Monday, October 31, 2011

Happy Halloween!

Happy Halloween to all of you ghosts and goblins out there! I hope you all get the chance to indulge in some candy, chips, and chocolate. I prefer to save these ingredients for baking, as they make excellent cookies and bars (ever hear of potato chip bars?). Here is the jack-o-lantern I carved for tonight. In case you can't tell, it's a cupcake. What else would I carve? It is easy to see that my baking skills are a whole lot better than my pumpkin-carving skills. Of course, these big pumpkins aren't much good for eating, aside from the seeds, which I have saved for roasting (a nutritious snack after all of that candy). Happy Halloween!

Sunday, October 30, 2011

100th Post!

This is my 100th blog post! I have been successfully blogging for 100 days now! So far, it has been a blast, and I’m sure the fun will continue. To celebrate this milestone, I whipped up a small batch of “100 Day Truffles”. And since tomorrow is Halloween, I decorated half of them as ghosts and the other half with 100s.. This reminds me of the first few years of school, where the 100th day was cause for a huge celebration! There were collections of 100 things, and crafts shaped like 100s, and stories about the 100th day of school. Ahh, what fun! Now back to the truffles, they are simple chocolate truffles coated in vanilla glaze with milk chocolate piping. Simple, sweet, and good. They certainly aren’t anywhere near professional-looking, but hey, after 100 days, I have an excuse to slack off a little. Cheers to that! 

Saturday, October 29, 2011

Halloween Biscuits

Halloween is on Monday, so I decided to start getting into the spirit with supper tonight. I whipped up a batch of my favorite biscuits and cut them and decorated them with a Halloween theme. I had some ghost shapes with cheddar cheese bits as eyes. I had a few mummies, with mozzarella cheese strips as wrappings and bits of cheddar cheese as eyes. I also had some jack-o-lanterns made with cheddar cheese. These were fun and easy to make! Of course, you can make any Halloween shapes: bats, cats, spiders, witches, use your imagination!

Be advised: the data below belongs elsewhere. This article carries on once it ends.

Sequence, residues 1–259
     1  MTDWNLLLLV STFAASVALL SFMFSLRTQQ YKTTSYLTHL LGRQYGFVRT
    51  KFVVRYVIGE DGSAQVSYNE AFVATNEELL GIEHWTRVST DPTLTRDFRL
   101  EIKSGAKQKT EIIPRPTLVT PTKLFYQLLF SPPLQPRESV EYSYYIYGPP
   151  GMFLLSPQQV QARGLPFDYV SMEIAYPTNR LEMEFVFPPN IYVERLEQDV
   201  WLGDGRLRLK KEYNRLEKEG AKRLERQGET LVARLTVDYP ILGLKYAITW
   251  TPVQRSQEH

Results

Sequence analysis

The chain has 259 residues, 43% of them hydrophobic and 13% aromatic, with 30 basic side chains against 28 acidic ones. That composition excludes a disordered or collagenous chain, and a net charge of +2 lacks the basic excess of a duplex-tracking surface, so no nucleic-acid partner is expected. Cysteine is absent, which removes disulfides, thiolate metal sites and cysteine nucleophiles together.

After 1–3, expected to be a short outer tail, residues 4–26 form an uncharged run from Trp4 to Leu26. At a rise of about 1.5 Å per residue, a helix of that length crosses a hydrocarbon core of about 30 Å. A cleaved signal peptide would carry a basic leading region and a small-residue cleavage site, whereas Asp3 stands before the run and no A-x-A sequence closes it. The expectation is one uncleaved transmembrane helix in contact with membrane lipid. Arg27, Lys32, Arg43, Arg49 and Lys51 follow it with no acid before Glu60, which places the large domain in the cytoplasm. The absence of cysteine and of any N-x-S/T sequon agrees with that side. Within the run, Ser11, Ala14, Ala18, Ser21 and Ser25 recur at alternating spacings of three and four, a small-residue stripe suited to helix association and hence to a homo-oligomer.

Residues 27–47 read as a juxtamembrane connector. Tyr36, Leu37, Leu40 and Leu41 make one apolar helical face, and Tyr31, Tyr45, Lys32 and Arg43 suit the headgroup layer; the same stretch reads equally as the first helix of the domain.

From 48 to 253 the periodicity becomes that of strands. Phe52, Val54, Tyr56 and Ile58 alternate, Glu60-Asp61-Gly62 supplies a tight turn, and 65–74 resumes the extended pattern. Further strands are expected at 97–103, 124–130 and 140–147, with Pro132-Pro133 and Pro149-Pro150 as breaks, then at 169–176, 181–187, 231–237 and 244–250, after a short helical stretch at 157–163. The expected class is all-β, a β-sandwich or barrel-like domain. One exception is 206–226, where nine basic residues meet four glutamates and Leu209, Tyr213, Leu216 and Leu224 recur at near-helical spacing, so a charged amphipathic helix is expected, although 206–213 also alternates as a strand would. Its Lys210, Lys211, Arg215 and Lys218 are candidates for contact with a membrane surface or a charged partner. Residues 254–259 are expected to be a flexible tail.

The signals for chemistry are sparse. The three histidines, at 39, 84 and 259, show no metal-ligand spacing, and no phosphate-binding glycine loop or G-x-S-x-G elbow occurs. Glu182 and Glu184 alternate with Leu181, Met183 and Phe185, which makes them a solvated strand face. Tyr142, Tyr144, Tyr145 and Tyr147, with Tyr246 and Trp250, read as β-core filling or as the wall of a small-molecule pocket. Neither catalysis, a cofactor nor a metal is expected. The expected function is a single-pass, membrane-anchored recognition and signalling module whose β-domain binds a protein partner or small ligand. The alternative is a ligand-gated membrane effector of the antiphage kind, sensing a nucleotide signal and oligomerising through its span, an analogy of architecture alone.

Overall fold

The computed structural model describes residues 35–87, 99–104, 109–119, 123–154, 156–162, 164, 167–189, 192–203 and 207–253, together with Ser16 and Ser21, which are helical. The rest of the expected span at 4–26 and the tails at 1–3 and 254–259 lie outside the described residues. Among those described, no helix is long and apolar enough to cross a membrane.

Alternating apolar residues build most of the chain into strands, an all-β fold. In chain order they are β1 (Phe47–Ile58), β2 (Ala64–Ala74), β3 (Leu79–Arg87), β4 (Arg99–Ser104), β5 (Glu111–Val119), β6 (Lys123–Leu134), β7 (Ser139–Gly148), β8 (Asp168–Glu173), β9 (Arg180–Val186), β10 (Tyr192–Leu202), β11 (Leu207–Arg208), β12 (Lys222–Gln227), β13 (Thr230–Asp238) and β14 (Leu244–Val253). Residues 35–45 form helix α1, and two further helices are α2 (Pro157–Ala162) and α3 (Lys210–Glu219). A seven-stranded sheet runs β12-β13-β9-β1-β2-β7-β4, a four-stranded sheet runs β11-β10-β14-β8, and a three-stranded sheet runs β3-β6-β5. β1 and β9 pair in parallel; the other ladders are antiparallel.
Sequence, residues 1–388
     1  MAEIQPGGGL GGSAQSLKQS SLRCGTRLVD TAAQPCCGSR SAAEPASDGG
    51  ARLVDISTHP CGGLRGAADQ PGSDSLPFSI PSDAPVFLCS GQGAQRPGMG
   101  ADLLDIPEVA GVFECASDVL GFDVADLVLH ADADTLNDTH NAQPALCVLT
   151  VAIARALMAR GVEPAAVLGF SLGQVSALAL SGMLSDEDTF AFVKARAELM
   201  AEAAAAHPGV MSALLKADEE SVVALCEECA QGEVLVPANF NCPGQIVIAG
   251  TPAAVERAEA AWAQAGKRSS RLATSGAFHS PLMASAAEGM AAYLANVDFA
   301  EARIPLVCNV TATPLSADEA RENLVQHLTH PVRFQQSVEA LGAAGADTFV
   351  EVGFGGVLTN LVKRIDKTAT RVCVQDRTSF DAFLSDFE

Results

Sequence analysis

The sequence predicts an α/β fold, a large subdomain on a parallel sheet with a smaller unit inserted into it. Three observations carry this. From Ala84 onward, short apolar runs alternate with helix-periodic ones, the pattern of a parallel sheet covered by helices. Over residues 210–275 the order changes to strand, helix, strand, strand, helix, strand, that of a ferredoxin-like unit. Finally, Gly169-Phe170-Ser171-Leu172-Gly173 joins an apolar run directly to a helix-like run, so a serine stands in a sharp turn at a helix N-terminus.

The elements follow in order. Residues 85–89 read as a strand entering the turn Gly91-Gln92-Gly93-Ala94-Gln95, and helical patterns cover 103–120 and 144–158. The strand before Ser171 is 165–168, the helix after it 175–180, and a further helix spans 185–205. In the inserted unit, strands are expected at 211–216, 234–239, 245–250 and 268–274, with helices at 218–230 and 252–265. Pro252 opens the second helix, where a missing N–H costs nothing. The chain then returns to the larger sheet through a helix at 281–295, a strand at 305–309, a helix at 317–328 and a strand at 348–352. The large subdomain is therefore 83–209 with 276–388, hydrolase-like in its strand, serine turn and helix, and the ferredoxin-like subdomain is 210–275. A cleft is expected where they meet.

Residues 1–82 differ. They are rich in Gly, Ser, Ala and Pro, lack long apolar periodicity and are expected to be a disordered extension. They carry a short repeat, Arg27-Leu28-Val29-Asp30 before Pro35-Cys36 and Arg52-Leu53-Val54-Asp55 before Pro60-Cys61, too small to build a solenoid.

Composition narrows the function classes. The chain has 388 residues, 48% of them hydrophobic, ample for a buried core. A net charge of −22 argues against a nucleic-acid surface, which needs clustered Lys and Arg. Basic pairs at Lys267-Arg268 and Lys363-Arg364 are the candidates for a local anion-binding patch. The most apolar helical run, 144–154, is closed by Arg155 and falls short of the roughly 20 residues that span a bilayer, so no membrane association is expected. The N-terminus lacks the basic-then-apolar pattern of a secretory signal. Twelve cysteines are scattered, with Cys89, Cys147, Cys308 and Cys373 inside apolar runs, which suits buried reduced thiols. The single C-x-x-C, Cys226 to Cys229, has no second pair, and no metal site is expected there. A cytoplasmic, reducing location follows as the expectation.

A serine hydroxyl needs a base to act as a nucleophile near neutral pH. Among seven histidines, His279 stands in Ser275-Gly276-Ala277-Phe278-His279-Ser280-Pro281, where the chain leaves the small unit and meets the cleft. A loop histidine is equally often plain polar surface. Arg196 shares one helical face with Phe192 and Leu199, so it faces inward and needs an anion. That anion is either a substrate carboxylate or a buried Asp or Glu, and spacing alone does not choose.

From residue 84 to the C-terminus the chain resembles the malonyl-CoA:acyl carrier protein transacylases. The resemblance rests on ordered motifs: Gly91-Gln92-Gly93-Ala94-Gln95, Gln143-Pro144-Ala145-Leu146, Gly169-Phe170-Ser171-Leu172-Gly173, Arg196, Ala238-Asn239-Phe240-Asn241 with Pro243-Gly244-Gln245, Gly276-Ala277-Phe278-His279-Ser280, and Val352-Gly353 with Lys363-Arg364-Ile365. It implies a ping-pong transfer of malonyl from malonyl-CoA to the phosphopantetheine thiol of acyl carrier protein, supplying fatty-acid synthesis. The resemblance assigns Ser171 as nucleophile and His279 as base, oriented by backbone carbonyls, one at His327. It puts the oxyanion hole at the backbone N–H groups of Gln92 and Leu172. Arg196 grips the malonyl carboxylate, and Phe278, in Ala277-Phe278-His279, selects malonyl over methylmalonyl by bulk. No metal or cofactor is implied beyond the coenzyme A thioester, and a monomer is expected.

All I did was use a ghost-shaped cookie cutter, and used my hands to make some rounds. I baked the biscuits until just about cooked through, and then put the cheese decorations on. I lowered the oven temperature just a bit, and baked them for a few more minutes. I love these biscuits, they are light, fluffy and rich. A perfect companion to any meal.

Friday, October 28, 2011

Chocolate Toffee Bites

Here is the latest bar in my house: Chocolate Toffee Bites. I got the recipe from a miniature book promoting baking products from quite a few years ago. These bars are very quick and easy to make. They aren't utterly amazing, but they are pretty good. The base is a shortbread bottom, which isn't very rich and buttery. The proportion of flour to butter is quite high, which made for a firm crust that stayed together, but just wasn't very rich. Also, a problem with many chocolate-topped squares, is that when you try to cut them, the chocolate topping cracks at odd angles. The recipe said to let the squares set in the fridge and then cut them. So I put them in the fridge, but let them warm up a bit before cutting. The chocolate didn't crack as much but it did separate from the bottom a bit. Oh well, still good!
Chocolate Toffee Bites
2 cups all-purpose flour
1 1/2 cups packed light brown sugar, divided
1/2 + 2/3 cup cold butter, cut into pieces
2 cups semi-sweet chocolate chips
Preheat oven to 350◦F. Line a 9x13 inch pan with parchment paper.
In a large bowl, mix flour, 1 cup sugar, and 1/2 cup butter until crumbly. Press into prepared pan. In a small saucepan over medium-high heat, cook remaining butter and sugar, stirring constantly, until it boils. Boil for one minute, pour over crust. Bake 18-20 minutes, remove from oven and immediately sprinkle evenly with chocolate chips. Let stand 5 minutes, then spread carefully. Cool in refrigerator until chocolate sets. Cut into squares.
 "Chocolate Toffee Bites.
”". RobinHood, n.d. Friday, October 28, 2011.